There is huge emphasis placed on our children coming away from school at the end of their ‘education careers’ as literate and numerically capable beings, for want of a better word. So what does this mean for our kids.

We often hear the words “literacy” and “numeracy” tossed about in and around schools, on the news and amongst school mums and dads, but may not always understand what is meant by them. The term literacy is defined as being able to read and write. (For more info on literacy read Core Subjects.)

But this article is about numeracy. It is probably a fair assumption that parents often place a great deal of importance on the literacy of their children, wanting them to be able to read and write fluently, but maybe give less attention to “numeracy” or literacy with numbers.

To be numerically able is hugely important in a person’s life and there are things you as a parent can be aware of and do to help your child achieve this.

What is numeracy?

Numeracy is basically numerical literacy. To have good numeracy skills means you have an ability to reason and work with numbers and be able to use and understand other mathematical concepts. It means being able to add two or three numbers in your head, being able to measure an item and decide how to use that measurement, and being able to problem solve using key mathematical skills.

How is it taught in schools?

Numeracy is taught through many subjects in schools; possibly in subjects you may not have considered would have a bearing on the numerical skills of your child.

Obviously the majority of the teaching and learning takes place in maths lessons. Everyone needs to learn mathematics – an essential subject in the primary school curriculum. Reasons for this include it being a basic necessity in many aspects of our day-to-day life and essential in most areas of employment.

In maths your child will be given opportunities to

“…work with and explore mathematical problems in ways that encourage them to be enquiring, systematic, creative, resourceful, self-reliant, and persevering. They will gain confidence and competence in the use of number, and will develop the skills of measurement, construction, and spatial interpretation. They will learn to collect, organise, and interpret data, to use apparatus, to generalise from patterns and relationships, and to think abstractly.”The Curriculum Framework

Some of the mathematical concepts & benefits involved in numeracy are –

Problem Solving

  • Interpreting mathematical information
  • To perceive options and choose actions appropriate to purpose
  • To perceive and remember direction
  • To reason and think logically
  • Short term memory and the ability to memorise
  • Visual perceptual skills
  • To apply mathematical ideas and techniques to solve problems
  • To infer or abstract from the concrete


  • Giving digits/numbers meaning
  • Understanding number concepts and the relationship between numbers
  • To sequence and organise numbers
  • To calculate


  • To understand how to measure
  • To understand the different instruments of measure
  • To understand different systems of measurement


  • To perceive, recognize, predict and communicate patterns and mathematical relationships
  • To decode an algorithm from a complex problem


  • To develop spatial awareness and understanding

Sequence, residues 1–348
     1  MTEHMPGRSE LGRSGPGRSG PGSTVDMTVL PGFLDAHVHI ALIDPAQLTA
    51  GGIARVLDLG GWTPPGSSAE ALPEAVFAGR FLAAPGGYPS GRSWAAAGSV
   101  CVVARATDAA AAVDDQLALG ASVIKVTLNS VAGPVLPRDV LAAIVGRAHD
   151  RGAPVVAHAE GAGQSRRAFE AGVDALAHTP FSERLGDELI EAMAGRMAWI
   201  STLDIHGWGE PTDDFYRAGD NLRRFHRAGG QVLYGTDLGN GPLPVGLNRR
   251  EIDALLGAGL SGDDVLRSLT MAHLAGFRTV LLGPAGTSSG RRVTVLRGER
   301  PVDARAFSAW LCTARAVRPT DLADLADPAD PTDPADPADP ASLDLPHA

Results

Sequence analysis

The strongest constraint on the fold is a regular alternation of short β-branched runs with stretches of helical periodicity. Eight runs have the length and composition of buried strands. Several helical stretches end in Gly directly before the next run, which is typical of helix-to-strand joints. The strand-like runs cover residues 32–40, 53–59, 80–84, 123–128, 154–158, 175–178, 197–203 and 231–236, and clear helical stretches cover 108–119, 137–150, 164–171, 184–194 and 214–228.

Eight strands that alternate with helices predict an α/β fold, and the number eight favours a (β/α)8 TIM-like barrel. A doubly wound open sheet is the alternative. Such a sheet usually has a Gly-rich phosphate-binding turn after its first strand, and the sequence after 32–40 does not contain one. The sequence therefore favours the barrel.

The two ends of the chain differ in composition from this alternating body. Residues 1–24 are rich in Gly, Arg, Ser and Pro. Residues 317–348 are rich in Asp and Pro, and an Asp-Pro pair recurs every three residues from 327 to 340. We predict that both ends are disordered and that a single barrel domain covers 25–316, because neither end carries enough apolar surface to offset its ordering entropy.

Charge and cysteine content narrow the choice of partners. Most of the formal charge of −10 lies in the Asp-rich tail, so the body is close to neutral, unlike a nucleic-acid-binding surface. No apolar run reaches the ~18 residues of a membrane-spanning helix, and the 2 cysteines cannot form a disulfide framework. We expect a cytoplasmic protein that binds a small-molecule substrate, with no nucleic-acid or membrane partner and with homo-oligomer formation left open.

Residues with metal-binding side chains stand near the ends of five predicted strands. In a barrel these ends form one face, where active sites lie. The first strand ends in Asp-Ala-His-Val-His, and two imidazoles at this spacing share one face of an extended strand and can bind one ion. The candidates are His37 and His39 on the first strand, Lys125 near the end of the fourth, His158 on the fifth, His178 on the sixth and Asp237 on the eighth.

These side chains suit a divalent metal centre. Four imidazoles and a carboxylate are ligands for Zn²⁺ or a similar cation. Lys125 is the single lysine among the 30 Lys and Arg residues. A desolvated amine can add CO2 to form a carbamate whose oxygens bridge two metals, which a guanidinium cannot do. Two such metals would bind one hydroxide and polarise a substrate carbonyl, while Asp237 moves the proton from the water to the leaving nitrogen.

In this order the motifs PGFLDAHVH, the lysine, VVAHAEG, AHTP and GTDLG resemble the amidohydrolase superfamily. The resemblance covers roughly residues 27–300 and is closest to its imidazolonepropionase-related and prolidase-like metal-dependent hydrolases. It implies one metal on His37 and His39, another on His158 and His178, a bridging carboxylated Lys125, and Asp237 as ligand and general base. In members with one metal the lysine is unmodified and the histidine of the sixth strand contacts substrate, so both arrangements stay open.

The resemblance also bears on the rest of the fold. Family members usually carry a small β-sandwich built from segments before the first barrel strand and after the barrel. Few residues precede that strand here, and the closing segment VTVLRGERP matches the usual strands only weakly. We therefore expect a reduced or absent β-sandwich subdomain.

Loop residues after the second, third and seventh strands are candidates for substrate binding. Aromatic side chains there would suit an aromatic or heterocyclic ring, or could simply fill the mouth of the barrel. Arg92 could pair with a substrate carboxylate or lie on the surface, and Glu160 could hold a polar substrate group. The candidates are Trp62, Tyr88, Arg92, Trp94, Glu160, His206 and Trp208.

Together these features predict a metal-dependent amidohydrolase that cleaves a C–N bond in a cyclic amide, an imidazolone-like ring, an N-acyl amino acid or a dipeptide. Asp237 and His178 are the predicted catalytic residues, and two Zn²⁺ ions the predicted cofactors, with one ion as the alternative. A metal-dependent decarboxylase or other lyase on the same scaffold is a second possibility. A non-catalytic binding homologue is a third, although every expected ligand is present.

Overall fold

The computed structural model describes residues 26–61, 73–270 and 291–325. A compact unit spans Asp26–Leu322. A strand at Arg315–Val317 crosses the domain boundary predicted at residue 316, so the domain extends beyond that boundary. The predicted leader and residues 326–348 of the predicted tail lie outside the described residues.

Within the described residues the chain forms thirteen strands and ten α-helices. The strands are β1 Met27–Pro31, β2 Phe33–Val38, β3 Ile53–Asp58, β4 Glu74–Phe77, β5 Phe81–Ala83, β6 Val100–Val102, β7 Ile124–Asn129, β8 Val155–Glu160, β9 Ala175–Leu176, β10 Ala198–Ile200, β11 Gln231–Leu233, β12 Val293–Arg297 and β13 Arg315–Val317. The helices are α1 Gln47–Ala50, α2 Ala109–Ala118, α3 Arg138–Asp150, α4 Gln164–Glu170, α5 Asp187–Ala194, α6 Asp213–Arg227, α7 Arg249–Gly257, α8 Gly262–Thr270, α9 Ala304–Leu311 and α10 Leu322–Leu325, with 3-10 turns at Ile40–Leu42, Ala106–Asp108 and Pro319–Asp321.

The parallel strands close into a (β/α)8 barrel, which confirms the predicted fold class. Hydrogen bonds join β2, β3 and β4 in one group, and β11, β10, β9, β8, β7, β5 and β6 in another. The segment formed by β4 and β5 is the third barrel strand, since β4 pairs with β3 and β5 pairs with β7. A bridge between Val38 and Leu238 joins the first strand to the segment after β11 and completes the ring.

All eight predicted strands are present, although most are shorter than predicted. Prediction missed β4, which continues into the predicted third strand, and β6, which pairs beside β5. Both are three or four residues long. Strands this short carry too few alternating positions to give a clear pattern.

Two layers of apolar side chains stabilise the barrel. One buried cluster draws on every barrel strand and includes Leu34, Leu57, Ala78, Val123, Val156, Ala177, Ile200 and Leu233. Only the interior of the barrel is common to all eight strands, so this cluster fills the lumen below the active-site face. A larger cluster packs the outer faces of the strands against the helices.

• To understand geometric relations in 2 and 3 dimensions


  • To collect, organise, analyse, and present data
  • To categorise and identify relationships between numbers
  • To present information using charts, tables, diagrams, and graphs in order to readily convey meaning
  • To use language and handwriting/typing in order to convey meaning

As they progress through the school levels students will realise that mathematics plays a part in a great many subjects where there is a need for calculation for estimation, quantitative research, measurement, decision making, and for precise communication through symbols for graphs.

Some of these subjects are things like art where a student may need to draw an elipse, graphics where it might be necessary to draw a building to scale requiring calculation, and science where a precise mix of 20% of one solution and 80% of another may be needed.


Why is numeracy so important?

People need adequate numeracy skills for a variety of reasons. The need for people to be able to calculate, estimate and use measuring instruments has always been a key outcome for education, and maths aims to contribute to the development of the broad range of numeracy skills.

It becomes obvious when you read the above examples of mathematical concepts in practice (in How is it taught in Schools?) that numeracy plays a large part in your child’s educational success. When we start to think of where we may use these same concepts on a daily basis it becomes obvious too to see that being numerate is important in everyday life.

An understanding of mathematics will help your child develop logical approaches to procedures and arguments. In its most basic form, numeracy is important because one day your child may need to build a fence, make a pattern for a tee shirt, or budget for a holiday, so without a good grasp of mathematics he or she may not be able to do these things.

How can you help?

Some children struggle with numeracy at some stage in their development while others appear born to be mathematicians. It’s the same with many subjects and, as mentioned above, till recently we as a society have probably placed more importance on the value of reading and writing as skills we must have. Now the tides have turned and we as parents are beginning to realise earlier on that maths (numeracy) needs to be valued as highly.

As with the challenges of reading, children need support and encouragement at home with numeracy and there are many ways you can do this.

Talk to the classroom teacher

It always pays to learn first what is expected of your child at their age. What math skills are they working on in class this term/year? Should he be able to do the five times tables? Have they begun to learn about fractions and percentages?